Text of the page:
Two highly well-reviewed movies expanded their theater count significantly this weekend, particularly Manchester By The Sea, which expanded into 1,208 locations, the first time ever Roadside Attractions has brought a motion picture into more than 1,000 theaters. It seems such a theater expansion is paying off as the film grossed a great $4.1 million this weekend for a $3,400 per theater average. Manchester has already grossed $14 million domestically (making it the fifth highest-grossing movie ever for Roadside Attractions) and the extended holiday break hasn't even begun. Looks like this one's headed off to strong financial returns to say the least. Meanwhile, La La Land was quite impressive as it went into 200 theaters, grossing $4 million for an eye-popping $20,100 per-theater average. The films already grossed $5.2 million domestically before it expands into wide release on Christmas Day where it looks all but guaranteed to break the bank.
Arrival had its first real major weekend-to-weekend plummet this go-around, going down 50% to $2.7 million to bring its domestic cume to $86.5 million. Doctor Strange also had a larger than usual drop, going down 55% to gross another $2 million. Compared to past early November blockbusters, that's a bigger seventh weekend decline than the 52% one experienced by Thor: The Dark World but way better than the 64% plummet experienced on this same weekend last year by Spectre. Doctor Strange has now grossed a strong $226 million domestically. Nocturnal Animals rounded out the top ten with $1.3 million, a 56% drop from last weekend that brings its domestic gross to $8.8 million, meaning it'll surpass the $9.3 million domestic gross of director Tom Ford's last movie, A Single Man, within days.
Right outside the top ten was Trolls, which grossed only $1.3 million this weekend, a 57% drop from last weekend. That's a way better seventh weekend drop than the 80% one seen by The Peanuts Movie on this same weekend last year, but that's the extent of the praise one can offer this drop. Trolls has now grossed $147.3 million and will likely have another severe drop next weekend when Sing arrives. Allied, meanwhile, plummeted a massive 68% this weekend, grossing $1.2 million and bringing its domestic haul to an underwhelming $38.4 million. Hacksaw Ridge, in thirteenth place, had by far its biggest weekend-to-weekend drop this frame as it lost 936 theaters, going down 61% to gross another $895,000, bringing its domestic gross to $62.7 million.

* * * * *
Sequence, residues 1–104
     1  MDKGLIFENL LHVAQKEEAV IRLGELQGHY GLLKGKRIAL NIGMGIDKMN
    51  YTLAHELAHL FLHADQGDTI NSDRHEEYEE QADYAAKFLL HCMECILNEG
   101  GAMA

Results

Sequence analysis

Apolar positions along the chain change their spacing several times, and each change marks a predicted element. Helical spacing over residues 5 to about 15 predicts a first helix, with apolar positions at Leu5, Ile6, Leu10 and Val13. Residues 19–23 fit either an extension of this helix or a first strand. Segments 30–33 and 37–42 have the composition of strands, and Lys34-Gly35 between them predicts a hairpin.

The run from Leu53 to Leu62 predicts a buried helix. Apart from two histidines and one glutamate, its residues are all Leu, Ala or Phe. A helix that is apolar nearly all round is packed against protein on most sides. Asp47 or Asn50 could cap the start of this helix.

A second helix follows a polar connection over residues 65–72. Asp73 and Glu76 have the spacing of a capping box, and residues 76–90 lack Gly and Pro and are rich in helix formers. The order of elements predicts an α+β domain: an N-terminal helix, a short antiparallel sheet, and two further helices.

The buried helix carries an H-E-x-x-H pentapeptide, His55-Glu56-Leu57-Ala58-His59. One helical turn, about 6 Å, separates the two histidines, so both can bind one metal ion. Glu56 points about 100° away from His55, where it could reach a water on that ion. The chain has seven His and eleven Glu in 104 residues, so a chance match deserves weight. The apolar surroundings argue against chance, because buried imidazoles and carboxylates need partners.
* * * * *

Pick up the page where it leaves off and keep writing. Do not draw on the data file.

Jackie further expanded its theater count this weekend to 84 locations and drumming up $550,000 for a per-theater average of $6,548. This one seems to be slowing down quicker than expected and it's difficult to see it achieving much mainstream box office success if it doesn't garner more high-profile awards attention. Miss Sloane plummeted 75% in its second weekend of wide release, grossing only $460,000 at 1,463 theaters for a per-theater average of only $314, bringing its domestic cume to only $3.1 million. Looks like this will easily become the lowest grossing wide release ever for Jessica Chastain.
It's worth mentioning, on the limited release circuit, that Moonlight had the fourth smallest dip (excluding films like La La Land or Manchester By The Sea that increased from last weekend) for any film at the box office, going down 26% to gross another $400,525. Moonlight has now made $11.5 million in its nine-week long domestic run. Meanwhile, Lion just hasn't been able to muster too much of a roar in limited release, as it grossed only $130,539 at 16 locations for a per-theater average of $8,159 for a domestic total of only $702,000. Maybe the extended holiday break and/or award season will boost its domestic box office sum, but right now it's looking like yet another major 2016 Weinstein Company box office dud. Finally, Fences was able to gross a solid $128,000 in its opening weekend in 4 theaters for a per-theater average of $32,000.
The top twelve movies this weekend grossed $204 million, the fourth biggest December weekend of all-time, however, down a whopping 33% from this same weekend last year when Star Wars: The Force Awakens began its record-breaking box office run.